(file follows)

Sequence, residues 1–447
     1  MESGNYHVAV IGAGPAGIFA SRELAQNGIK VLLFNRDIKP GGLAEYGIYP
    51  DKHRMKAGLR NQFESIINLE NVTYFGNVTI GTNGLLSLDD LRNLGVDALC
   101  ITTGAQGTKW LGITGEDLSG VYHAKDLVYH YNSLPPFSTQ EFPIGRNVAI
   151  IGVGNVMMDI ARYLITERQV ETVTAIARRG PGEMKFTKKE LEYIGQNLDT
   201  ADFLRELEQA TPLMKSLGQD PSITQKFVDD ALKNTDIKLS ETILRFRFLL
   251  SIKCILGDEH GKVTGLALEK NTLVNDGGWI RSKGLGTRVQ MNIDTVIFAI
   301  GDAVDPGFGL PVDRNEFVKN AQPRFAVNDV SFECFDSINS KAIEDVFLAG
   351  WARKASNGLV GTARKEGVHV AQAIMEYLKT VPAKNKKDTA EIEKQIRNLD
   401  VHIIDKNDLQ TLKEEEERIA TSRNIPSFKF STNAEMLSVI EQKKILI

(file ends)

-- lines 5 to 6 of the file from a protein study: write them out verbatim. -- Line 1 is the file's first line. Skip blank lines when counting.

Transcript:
   151  IGVGNVMMDI ARYLITERQV ETVTAIARRG PGEMKFTKKE LEYIGQNLDT
   201  ADFLRELEQA TPLMKSLGQD PSITQKFVDD ALKNTDIKLS ETILRFRFLL